The problem is that the handwritten page by Ben-Gurion sports a crossed-out line, which leaves the text saying starkly: "We must expel Arabs and take their places."  But if one deciphers what is written in the crossed-out section (as was done by experts in the IDF Archive, where it is deposited), one emerges with the full sentence running: "We do not wish and do not need to expel Arabs ..."

The question then is what Ben-Gurion intended to write -- and who crossed out the lines.  If it was Ben-Gurion himself, and with aforethought (but Ben-Gurion was famous for almost never correcting his handrwritten texts), then the sentence must read: "We must expel Arabs ..."  But if it was someone else, with some ulterior motive, or if Ben-Gurion crossed out the words mistakenly and unintentionally, then one may conclude that Ben-Gurion had written and intended the opposite.

There is no way of deciphering who did the crossing out.  Hence, it is a dubious piece of evidence, and is best left ignored.  But when I researched and wrote The Birth of the Palestinian Refugee Problem, 1947-1949 (1988), I was unaware of the problem, and quoted the text, which Karsh interprets as damning for Ben-Gurion, from a book by Ben-Gurion's official biographer, Shabtai Teveth (as was known to Karsh, who saw my reference in Birth).  Subsequently, I learned of the existence of the problem, looked at the manuscript, and, in my Hebrew edition of Birth (1991), rendered the passage: "We do not wish to ... expel" -- giving Ben-Gurion, as it were, the benefit of the doubt.  Karsh, as is his wont, gives this change a malign spin, but it is unmerited.  In my subsequent works, as I said, I decided that there was no way of resolving what had been Ben-Gurion's intention and simply left out the quotation (which is what I should have done in the first place).  But this quotation, of course, changes nothing, in terms of the history, as there is abundant evidence without it demonstrating Ben-Gurion's support at the time for transfer.  All of which is known, but misrepresented, by Karsh.

Karsh says that at one point I "conceded" that my treatment of Zionist transfer thinking was "superficial" -- by which he means that I had admitted that I was wrong in the whole matter.  Again, Karsh is misrepresenting what I said.  I wrote that the evidence I had amassed and presented (for example, in 1948 and After [1990] and in Birth of the Palestinian Refugee Problem Revisited [2003]) was sufficient and, to my mind, persuasive -- but that the subject did, indeed, require thoroughgoing, deep, separate research, a Ph.D.- or book-worth of research, which I, in my "superficial" treatment had, of course, not done.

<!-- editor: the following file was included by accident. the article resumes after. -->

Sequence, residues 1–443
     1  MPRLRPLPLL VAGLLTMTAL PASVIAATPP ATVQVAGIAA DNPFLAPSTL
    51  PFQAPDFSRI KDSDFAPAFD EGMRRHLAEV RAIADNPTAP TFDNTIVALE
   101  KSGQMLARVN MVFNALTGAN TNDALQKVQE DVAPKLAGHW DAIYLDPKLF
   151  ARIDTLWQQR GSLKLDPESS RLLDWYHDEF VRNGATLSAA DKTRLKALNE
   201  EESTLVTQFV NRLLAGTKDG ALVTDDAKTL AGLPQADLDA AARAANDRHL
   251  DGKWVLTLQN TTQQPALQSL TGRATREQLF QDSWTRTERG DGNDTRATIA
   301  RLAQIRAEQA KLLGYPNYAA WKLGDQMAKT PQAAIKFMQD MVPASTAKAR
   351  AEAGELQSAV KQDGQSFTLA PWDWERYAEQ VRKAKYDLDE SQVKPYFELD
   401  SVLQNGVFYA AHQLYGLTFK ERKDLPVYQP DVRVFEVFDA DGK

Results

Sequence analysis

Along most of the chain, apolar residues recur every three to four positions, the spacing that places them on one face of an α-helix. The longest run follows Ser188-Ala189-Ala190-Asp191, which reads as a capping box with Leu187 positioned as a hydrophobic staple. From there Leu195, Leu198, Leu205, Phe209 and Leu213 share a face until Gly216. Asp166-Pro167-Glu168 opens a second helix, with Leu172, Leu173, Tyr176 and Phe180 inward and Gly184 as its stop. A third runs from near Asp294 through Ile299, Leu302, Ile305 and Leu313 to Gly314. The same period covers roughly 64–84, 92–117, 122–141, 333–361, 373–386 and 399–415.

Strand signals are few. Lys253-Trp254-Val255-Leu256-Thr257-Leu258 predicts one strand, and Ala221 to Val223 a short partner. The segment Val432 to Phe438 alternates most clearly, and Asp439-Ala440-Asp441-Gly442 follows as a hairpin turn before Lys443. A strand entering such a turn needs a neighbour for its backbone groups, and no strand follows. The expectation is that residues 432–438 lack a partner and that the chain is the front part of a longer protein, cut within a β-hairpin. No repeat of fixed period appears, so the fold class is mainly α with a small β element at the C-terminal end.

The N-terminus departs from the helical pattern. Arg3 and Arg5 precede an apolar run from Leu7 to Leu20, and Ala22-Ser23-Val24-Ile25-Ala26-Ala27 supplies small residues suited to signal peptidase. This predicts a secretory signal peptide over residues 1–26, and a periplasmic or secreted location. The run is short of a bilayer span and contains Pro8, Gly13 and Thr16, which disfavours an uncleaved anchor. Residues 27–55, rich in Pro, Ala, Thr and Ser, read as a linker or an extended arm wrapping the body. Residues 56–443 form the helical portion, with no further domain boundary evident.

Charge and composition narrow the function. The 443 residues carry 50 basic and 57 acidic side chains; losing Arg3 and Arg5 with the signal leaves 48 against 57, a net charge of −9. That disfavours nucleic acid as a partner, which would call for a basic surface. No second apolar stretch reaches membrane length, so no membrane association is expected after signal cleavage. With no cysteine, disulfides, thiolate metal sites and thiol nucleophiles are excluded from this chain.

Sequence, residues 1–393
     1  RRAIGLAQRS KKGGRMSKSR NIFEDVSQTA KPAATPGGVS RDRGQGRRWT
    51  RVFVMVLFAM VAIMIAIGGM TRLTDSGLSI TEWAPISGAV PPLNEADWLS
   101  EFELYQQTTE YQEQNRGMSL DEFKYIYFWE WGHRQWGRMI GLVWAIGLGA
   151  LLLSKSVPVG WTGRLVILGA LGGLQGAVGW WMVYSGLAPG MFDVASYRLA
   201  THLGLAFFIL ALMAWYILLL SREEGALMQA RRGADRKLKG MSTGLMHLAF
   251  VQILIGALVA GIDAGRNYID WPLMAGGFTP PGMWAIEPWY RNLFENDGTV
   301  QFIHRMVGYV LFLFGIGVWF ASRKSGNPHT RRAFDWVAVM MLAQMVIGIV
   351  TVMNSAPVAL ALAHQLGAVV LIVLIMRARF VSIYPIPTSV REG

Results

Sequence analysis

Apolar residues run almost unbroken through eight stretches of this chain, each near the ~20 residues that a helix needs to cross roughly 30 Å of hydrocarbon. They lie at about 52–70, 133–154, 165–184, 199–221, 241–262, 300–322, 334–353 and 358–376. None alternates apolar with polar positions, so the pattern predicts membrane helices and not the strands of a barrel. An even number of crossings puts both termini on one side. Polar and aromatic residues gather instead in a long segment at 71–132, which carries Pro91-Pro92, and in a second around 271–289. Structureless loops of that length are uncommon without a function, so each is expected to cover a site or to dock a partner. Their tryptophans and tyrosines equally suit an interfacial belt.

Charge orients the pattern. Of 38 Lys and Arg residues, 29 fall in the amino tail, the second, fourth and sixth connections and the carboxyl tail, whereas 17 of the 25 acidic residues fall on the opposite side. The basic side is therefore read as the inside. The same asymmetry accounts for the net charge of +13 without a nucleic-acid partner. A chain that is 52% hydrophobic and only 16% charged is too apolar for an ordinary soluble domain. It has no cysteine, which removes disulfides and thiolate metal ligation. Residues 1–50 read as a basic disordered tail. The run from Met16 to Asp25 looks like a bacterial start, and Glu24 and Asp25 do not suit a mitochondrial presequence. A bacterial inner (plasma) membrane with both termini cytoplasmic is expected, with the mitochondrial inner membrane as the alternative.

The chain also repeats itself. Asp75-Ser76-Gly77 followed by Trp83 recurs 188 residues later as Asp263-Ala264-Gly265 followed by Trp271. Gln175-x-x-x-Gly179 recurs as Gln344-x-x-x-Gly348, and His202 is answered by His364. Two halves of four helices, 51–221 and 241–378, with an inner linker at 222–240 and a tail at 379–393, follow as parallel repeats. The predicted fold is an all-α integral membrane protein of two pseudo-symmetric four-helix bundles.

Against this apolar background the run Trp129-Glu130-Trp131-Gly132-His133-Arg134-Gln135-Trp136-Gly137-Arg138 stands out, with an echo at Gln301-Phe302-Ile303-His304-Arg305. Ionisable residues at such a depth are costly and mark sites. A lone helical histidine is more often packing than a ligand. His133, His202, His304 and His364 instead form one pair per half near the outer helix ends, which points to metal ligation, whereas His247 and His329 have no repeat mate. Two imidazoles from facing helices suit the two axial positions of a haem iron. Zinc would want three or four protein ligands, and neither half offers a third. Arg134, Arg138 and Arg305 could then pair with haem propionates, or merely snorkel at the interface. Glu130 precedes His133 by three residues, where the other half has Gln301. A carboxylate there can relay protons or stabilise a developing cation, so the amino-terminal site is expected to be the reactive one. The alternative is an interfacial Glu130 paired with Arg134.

Karsh takes me to task for portraying Zionism as "imperialist."  I never have.  This is a lie.  I have always portrayed Zionism as a national liberation ideology and movement of the Jewish people, never subservient to or intentionally furthering the ends of a European imperial power.  It was a movement of Jews and for Jews, never anything else (though for a time, it enjoyed the support of the British, as, subsequently, the Arabs enjoyed the support of the British).  I have called Zionism a "colonizing" movement -- here, at last, Karsh says something truthful -- and perhaps there is a problem in the definition, though since Zionism developed by establishing "colonies" (moshavot), it is not inaccurate.  But it was never a movement of sons of an imperial mother country "colonizing" -- in order to exploit and/or take over -- a distant land.  And I grant that some might interpret my use of "colonizing" in this (mistaken as to Zionism) fashion.

Karsh further takes me to task for calling Zionism an "expansionist" ideology.  The Arabs traditionally portrayed Zionism as grandly expansionist, meaning that it aimed at establishing a Jewish state between the Nile and the Euphrates; they pointed to the Zionist-Israeli flag, with its two blue stripes, as representing this aspiration.  This, of course, is nonsense, and always was.

But the Zionist leaders did want to establish a Jewish state comprehending the whole Land of Israel/Palestine, plus some.  At the end of World War I, Ben-Gurion and his socialist colleague, Yitzhak Ben-Zvi, set out the aim as Jewish statehood over Palestine plus the first chain of hills -- Golan, Gilead, Moav, and Edom -- east of the Jordan as well as the territory in southern Lebanon south of the Litani River (the river to be part of Israel).  This was the map Weizmann tabled at the post-war conference in Paris.